Well, I was once anti-digital. I still shoot film, but seriously consider going digital. I still like slides. But if I shoot a wedding on a Saturday and having to wait for Monday to send in my 10-15 rolls of film, and waiting another 1-2 days to get them developed and printed, then another half a day or so to sit down and sort through all of them, put them into albums (and sieve out the rejects) is just too time consuming.

    10 rolls of film and processing costs about $250. If I deliever the equivalent of 360 prints, the cost is only $185 ($0.50 per 4R + $5 handling fee). And I am no longer limited to 10 rolls.

    I am sure you've been in a situation where you go out for a shoot but shot say, 5-10 frames on a roll of 36? And that roll perhaps last you a month coz of your other commitments? And if you want to see that keeper in frame #6 and simply sent it in for processing, you waste the rest of the roll (ok, film is cheap, but doesn't mean you have to waste it like that).

    When you're shooting and the skies turned dark. You spot your subject, and you get a reading of 1/8 @ f/2 on your ISO 200 film. You don't have any faster film. What do you do? Curse? With digital, you simply set the ISO to a higher value and get your shot.

    Film will probably stay as an alternative medium (just like LP) which appeals to the niche market (esp. for B&W), but digital will be mainstream very soon.

    Regards
    CK

  16. #36
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    I've managed to convince a colleague who likes to travel to convert to digicam using just one argument:
    When she asked someone to take a pic of her, she can see the results immediately. There's no need to wait for development only to realise that the composition was not the way intended.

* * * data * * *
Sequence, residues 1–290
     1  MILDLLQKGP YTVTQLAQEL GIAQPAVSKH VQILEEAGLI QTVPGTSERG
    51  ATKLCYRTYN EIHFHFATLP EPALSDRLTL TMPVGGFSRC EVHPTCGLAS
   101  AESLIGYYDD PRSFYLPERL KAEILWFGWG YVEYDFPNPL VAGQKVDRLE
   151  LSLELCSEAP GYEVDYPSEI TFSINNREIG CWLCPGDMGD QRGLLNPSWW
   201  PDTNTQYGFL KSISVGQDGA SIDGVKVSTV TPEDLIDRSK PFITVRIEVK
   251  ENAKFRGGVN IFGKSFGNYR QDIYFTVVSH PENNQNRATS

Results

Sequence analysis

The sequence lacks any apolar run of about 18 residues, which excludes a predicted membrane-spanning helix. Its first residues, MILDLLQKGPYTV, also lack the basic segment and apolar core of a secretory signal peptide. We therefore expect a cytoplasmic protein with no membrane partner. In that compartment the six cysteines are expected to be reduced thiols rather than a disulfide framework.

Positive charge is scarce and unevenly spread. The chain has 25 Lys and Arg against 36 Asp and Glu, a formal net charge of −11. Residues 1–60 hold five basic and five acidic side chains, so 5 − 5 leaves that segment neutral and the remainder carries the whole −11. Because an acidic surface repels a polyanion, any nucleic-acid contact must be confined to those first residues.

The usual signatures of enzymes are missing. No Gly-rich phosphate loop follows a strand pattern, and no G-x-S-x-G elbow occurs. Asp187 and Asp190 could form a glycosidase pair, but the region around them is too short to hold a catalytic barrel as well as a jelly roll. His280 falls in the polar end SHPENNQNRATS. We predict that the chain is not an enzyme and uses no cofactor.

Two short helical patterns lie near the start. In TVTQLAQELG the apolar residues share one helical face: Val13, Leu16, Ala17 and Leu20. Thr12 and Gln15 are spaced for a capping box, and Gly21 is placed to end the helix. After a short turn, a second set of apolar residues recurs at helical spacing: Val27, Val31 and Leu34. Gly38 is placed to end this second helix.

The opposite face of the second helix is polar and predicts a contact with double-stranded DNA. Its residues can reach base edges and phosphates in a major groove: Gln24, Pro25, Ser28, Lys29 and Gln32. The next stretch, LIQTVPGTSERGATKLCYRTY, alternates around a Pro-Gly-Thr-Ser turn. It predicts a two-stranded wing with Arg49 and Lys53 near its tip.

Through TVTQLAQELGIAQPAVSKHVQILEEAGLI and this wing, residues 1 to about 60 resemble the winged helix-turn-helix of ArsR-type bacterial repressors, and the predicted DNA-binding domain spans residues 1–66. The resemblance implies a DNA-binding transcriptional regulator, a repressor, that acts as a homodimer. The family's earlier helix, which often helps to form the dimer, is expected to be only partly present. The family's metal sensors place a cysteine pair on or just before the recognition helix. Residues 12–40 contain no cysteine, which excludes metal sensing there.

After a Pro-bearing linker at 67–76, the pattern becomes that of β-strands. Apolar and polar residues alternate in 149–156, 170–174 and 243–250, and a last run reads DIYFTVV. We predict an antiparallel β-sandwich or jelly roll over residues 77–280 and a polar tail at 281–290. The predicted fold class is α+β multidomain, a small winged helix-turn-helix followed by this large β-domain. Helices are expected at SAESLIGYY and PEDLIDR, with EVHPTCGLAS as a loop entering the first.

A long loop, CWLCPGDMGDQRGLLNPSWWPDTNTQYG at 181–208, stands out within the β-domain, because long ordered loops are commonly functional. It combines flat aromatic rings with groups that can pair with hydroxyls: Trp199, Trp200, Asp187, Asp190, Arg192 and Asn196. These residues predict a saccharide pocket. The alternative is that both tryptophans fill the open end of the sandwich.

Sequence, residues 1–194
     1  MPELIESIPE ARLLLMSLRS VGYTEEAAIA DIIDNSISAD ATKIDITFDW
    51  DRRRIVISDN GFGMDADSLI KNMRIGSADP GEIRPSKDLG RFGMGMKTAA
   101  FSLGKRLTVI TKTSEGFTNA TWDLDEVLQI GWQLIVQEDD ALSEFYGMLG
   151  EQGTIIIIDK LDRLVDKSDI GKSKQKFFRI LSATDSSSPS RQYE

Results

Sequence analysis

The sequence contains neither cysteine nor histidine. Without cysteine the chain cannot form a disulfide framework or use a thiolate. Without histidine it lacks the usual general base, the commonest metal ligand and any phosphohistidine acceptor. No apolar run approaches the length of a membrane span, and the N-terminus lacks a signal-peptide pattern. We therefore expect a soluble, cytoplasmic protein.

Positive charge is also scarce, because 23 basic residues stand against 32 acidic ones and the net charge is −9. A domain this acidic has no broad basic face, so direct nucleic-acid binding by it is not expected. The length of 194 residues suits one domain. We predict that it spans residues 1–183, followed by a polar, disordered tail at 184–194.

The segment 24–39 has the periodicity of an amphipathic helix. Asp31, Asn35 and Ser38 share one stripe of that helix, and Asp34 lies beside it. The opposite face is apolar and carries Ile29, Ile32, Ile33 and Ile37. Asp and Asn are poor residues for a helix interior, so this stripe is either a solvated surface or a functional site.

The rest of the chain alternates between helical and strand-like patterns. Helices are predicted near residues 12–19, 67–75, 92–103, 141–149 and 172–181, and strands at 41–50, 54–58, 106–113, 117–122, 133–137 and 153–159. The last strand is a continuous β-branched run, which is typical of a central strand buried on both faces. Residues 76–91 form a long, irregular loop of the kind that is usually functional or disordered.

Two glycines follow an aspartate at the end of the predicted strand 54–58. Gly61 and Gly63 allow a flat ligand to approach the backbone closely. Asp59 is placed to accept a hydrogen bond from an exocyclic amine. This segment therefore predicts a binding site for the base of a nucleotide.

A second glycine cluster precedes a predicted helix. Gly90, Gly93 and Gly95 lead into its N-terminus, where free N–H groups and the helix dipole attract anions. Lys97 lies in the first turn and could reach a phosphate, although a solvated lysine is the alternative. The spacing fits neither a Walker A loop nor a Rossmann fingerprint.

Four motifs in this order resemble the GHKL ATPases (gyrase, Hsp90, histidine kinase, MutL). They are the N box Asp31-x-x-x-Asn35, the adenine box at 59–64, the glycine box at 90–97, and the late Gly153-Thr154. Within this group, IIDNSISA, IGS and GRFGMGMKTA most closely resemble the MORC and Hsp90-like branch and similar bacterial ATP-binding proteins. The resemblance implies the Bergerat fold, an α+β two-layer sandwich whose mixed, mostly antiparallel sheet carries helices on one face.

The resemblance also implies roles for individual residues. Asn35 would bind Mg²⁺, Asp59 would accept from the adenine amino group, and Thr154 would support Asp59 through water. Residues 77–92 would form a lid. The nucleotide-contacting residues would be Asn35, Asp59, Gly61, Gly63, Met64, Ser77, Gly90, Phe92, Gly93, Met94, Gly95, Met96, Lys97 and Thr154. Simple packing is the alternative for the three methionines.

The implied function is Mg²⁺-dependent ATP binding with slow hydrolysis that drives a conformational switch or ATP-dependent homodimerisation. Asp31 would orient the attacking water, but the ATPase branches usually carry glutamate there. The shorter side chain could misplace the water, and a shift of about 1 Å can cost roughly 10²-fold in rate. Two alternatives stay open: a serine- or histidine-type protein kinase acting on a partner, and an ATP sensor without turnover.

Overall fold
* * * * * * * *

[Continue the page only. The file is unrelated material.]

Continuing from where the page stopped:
Check out my wildlife pics at www.instagram.com/conrad_nature

  17. #37

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    Originally posted by ckiang


    Well, I was once anti-digital. I still shoot film, but seriously consider going digital. I still like slides. But if I shoot a wedding on a Saturday and having to wait for Monday to send in my 10-15 rolls of film, and waiting another 1-2 days to get them developed and printed, then another half a day or so to sit down and sort through all of them, put them into albums (and sieve out the rejects) is just too time consuming.

    10 rolls of film and processing costs about $250. If I deliever the equivalent of 360 prints, the cost is only $185 ($0.50 per 4R + $5 handling fee). And I am no longer limited to 10 rolls.

    I am sure you've been in a situation where you go out for a shoot but shot say, 5-10 frames on a roll of 36? And that roll perhaps last you a month coz of your other commitments? And if you want to see that keeper in frame #6 and simply sent it in for processing, you waste the rest of the roll (ok, film is cheap, but doesn't mean you have to waste it like that).

    When you're shooting and the skies turned dark. You spot your subject, and you get a reading of 1/8 @ f/2 on your ISO 200 film. You don't have any faster film. What do you do? Curse? With digital, you simply set the ISO to a higher value and get your shot.